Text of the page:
VideaHealth raises $20M for AI-enabled dental care


AI-enabled dental care startup VideaHealth scooped up $20 million in a Series A funding round led by Spark Capital. 

The round included participation from existing investors Zetta Venture Partners and Pillar VC, bringing the company’s total raise to $26.4 million.


VideaHealth offers AI-backed tools to dental care providers and insurers, including practice management, claims analysis and diagnostics tools.

Its Videa Detect software, which aims to find and communicate dental diseases to providers based on X-rays, hasn’t been cleared by the FDA yet, but the startup said it expects the green light in the coming months.

“We are on the cusp of revolutionizing the dental industry, which is evidenced by the caliber of investment partners like Spark Capital and our industry partnerships with the world’s biggest dental providers and distributors,” VideaHealth CEO and founder Florian Hillen said in a statement.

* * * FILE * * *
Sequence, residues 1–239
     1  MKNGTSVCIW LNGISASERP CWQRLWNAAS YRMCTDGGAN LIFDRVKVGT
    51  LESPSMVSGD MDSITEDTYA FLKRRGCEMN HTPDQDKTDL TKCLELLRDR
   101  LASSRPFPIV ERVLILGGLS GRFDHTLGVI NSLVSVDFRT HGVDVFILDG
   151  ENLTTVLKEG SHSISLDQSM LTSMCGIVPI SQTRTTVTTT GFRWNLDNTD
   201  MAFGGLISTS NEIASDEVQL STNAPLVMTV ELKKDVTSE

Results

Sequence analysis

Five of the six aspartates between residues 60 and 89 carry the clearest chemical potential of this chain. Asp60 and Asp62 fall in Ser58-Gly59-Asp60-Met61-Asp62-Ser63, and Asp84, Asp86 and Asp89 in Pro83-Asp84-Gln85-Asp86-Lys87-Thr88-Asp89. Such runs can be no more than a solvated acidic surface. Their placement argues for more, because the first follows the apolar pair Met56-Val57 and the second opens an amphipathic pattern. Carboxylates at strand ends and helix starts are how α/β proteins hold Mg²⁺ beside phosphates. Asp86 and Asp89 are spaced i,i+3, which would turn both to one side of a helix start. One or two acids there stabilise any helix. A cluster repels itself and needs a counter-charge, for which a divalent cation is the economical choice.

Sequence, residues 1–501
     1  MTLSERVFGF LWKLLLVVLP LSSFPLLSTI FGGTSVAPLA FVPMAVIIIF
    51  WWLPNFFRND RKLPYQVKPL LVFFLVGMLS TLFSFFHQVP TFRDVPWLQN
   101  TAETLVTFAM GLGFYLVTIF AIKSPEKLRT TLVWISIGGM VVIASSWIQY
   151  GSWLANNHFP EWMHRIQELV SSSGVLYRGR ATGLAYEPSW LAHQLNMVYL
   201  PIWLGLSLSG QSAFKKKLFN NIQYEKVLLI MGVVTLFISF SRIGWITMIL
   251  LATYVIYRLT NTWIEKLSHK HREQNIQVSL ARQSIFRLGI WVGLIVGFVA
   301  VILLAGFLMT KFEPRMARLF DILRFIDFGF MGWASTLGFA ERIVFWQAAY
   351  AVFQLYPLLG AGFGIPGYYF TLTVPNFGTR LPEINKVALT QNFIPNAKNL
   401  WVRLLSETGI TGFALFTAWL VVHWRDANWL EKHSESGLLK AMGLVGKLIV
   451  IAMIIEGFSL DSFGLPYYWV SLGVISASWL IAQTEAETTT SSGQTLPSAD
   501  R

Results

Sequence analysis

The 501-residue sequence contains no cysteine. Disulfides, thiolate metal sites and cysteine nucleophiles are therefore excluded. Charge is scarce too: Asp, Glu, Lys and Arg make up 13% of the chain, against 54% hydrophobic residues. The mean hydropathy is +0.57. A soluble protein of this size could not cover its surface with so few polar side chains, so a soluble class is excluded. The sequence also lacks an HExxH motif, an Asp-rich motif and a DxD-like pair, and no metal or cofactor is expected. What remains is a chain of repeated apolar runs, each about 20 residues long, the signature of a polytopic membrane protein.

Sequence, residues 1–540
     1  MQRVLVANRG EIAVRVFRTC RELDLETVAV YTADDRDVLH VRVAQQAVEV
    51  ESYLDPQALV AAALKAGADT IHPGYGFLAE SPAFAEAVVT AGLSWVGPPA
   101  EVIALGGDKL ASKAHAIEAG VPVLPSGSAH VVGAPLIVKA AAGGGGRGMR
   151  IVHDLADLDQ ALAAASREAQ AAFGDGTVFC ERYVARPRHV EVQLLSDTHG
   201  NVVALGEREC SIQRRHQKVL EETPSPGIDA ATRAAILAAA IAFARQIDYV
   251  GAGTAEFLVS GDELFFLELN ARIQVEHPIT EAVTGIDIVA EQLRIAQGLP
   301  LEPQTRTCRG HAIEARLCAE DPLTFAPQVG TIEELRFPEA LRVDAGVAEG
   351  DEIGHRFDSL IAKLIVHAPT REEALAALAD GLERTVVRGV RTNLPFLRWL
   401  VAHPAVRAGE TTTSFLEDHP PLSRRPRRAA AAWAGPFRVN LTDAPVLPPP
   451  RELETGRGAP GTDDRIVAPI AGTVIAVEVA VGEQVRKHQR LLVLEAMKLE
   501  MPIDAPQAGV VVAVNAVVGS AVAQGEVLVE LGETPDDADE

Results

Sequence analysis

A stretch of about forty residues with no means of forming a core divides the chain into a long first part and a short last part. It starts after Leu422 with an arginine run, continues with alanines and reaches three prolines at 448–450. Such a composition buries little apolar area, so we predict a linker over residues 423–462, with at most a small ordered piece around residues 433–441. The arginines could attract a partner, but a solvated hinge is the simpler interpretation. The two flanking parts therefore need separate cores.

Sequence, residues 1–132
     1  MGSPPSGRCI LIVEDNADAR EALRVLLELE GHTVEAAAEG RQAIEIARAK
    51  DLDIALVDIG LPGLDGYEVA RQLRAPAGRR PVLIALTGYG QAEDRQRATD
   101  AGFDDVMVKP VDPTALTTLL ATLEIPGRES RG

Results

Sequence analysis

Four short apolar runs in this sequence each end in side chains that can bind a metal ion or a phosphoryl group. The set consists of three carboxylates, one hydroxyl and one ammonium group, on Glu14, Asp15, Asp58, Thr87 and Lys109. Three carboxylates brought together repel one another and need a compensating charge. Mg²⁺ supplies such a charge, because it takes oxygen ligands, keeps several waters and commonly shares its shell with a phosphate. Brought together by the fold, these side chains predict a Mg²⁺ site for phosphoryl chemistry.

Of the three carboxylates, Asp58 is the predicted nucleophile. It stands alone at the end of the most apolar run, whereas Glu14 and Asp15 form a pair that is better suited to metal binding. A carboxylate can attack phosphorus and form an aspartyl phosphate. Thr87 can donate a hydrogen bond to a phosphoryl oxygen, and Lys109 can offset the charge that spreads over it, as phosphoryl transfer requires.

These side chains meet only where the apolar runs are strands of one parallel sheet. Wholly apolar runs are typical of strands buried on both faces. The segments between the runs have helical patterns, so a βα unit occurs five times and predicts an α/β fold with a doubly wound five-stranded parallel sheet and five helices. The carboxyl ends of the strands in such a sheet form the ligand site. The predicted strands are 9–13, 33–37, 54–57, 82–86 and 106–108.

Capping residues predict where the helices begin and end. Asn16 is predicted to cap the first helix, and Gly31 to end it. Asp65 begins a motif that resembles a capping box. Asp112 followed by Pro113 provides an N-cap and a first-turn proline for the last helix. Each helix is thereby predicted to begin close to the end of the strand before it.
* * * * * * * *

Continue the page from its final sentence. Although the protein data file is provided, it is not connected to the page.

“Our technology is the pathway to a much-needed system of standardized care. Our entire mission is to help as many dental practices as possible leverage the power of AI to better serve their communities and give patients access to more affordable and appropriate dental treatments.”


Another company touting AI-powered dental care and practice management is Overjet, which announced a $42.5 million Series B funding round in December months after it had scored $27 million in Series A funding

A major player in the digital dental health space, quip makes connected-care products like toothbrushes, floss, toothpaste and gum. The company scooped up a whopping $100 million in Series B funding last year. 

Using AI for imaging is also growing for other areas in healthcare. Yesterday, AI-powered radiology company Aidoc announced it had scored FDA 510(k) clearance for its tool for flagging and triaging cases of pneumothorax, or a collapsed lung, on X-rays., another startup in the space, got the regulatory green light earlier this year for an algorithm that can analyze the position of breathing tubes using chest X-rays.

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